Monday, October 28, 2013

Salad + Jar = Love

I'm always on the lookout for healthy and affordable lunches that travel well and are easy to make in advance. Just because you have to eat at your desk on occasion doesn't mean your food has to be boring. Admittedly, my go-to sack lunch these days has been a pretty boring arrangement of hard boiled eggs, pretzels, string cheese and fruit or whatever was leftover from dinner the night before. It does the job but I don't find myself too excited about what awaits me in the fridge when noon rolls around. That all changed when I finally came around to the salad in a jar craze that's been sweeping Pinterest.

(Source: Pinterest)

I'm no stranger to packing a salad for lunch, but I don't love eating soggy greens or having to carry a separate container for the dressing and praying it doesn't leak. The genius of the salad in a jar is that by stacking the ingredients in a strategic way, you can fit the dressing and salad in one container and keep everything crisp by confining the liquid dressing to the bottom of the jar. Salad in a jar will stay fresh for many days, so you can prepare everything on Sunday and have lunches saved for the rest of the week. Also, they're just so pretty to look at, aren't they?

I personally don't like eating the same thing five days a week, so I started out by only making two jars, inspired by this Asian Noodle Salad recipe. I've expressed my love for Asian salads before, and I always have some buckwheat noodles on hand, so it was the perfect place to start my salad in a jar escapades.

Just chop everything, cook and cool the noodles and edamame and prepare the dressing.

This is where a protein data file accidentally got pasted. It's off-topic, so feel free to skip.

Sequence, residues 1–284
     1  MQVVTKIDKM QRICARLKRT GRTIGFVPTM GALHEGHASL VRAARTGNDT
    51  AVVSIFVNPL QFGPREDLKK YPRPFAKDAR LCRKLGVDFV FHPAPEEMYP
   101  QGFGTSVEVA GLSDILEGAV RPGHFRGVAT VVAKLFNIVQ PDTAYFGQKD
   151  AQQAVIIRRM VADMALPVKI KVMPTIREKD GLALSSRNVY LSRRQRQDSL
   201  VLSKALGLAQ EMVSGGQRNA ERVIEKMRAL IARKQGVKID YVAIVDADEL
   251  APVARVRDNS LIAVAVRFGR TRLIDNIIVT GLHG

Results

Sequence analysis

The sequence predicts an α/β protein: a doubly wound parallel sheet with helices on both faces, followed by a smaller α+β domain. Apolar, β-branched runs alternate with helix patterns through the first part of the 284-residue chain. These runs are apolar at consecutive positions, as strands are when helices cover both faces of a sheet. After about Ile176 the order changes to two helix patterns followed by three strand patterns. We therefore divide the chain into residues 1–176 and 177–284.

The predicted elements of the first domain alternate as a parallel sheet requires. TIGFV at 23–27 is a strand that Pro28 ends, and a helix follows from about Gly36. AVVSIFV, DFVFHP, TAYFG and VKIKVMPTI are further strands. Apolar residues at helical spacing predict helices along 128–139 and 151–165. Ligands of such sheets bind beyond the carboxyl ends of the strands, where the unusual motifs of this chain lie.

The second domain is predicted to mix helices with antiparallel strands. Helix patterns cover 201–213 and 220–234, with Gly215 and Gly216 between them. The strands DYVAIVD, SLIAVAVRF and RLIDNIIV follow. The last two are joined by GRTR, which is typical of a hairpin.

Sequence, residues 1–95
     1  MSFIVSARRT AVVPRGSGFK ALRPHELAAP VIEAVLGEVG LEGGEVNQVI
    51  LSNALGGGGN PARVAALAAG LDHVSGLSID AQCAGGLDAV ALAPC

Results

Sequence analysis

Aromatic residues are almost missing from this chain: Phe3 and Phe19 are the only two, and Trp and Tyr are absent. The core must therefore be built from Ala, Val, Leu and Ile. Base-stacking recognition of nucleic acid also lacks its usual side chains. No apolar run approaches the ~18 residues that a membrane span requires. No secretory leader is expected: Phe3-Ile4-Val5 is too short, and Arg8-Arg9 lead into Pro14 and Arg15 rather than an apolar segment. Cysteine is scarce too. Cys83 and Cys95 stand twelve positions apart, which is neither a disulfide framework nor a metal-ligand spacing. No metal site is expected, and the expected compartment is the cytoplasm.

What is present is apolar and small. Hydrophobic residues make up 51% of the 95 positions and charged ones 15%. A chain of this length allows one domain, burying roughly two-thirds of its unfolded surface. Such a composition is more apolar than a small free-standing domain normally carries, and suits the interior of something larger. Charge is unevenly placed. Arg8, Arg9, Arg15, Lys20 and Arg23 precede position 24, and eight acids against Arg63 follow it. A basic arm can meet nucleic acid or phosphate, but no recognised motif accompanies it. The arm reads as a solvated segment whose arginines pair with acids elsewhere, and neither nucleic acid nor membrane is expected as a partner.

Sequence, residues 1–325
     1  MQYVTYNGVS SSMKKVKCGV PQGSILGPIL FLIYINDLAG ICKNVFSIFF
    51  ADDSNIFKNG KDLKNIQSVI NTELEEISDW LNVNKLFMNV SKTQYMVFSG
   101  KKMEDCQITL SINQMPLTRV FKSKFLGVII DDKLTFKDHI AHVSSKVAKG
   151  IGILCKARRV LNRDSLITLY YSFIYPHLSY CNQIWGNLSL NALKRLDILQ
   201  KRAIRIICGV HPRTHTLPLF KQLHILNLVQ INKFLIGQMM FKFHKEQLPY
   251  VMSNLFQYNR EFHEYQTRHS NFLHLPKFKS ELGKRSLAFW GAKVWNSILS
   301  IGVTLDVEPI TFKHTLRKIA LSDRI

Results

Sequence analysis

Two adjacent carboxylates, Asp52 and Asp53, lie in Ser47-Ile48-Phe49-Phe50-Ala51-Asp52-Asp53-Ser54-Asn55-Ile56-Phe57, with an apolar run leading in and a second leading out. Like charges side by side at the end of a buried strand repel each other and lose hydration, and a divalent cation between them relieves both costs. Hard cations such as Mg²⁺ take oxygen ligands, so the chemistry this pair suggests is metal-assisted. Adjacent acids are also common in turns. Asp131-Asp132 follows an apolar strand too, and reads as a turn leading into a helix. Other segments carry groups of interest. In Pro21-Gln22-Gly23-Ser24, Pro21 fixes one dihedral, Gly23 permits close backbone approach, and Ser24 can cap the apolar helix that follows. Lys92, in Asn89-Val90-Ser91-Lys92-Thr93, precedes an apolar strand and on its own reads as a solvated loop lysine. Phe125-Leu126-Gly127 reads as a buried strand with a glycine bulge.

The dressing calls for sambal oelek, which is just chili sauce. I used jarred chili garlic sauce but sriracha would probably work too.

I also subbed toasted sesame oil for olive oil since it adds another element of great Asian flavor. When building a salad in a jar, you want to put the dressing on the bottom, followed by a sturdy ingredient that will benefit from soaking up the liquid and not compromise its texture. For example, I used two to three tablespoons of dressing topped with my buckwheat noodles then shredded carrot, halved mini heirloom tomatoes, edamame, red bell pepper and green onions.

Seal the jars and stash in the fridge for up to a week. At lunchtime, either shake the jar to combine ingredients and eat right from the jar or turn out into a bowl. With this thick dressing, I found it best to pour into a bowl and stir before eating. Now that's a lunch to look forward to!

Asian Noodle Salad in a Jar
Adapted from Foxes Love Lemons
(Makes 2 jars)

1 cup cooked buckwheat noodles
1/2 red bell pepper, thinly sliced
1/2 cup diced mini heirloom tomatoes
1/2 cup cooked and shelled edamame
1/2 cup shredded carrot
2 green onions, thinly sliced

2 tbsp. peanut butter
4 tsp. chili garlic sauce
4 tsp. rice vinegar
2 tsp. tamari or soy sauce
1/4 cup sesame oil
1 tsp. sesame seeds

If using frozen edamame, cook in a large pot of boiling water for a few minutes until tender. Remove edamame from pot with slotted spoon and cool. Use the same water to cook buckwheat noodles according to package instructions. Drain and cool the noodles, rinsing under cold water. 

In a small bowl, mix the peanut butter, chili garlic sauce, rice vinegar and tamari. Slowly drizzle in the sesame oil while whisking until emulsified. Stir in sesame seeds.

Add two to three tablespoons of dressing to the bottom of each jar. Top each with half the buckwheat noodles, shredded carrot, tomatoes, edamame, red bell pepper and green onion. Seal the jars with lids and store in the refrigerator for up to a week. 

Monday, October 7, 2013

Pumpkin Season is Here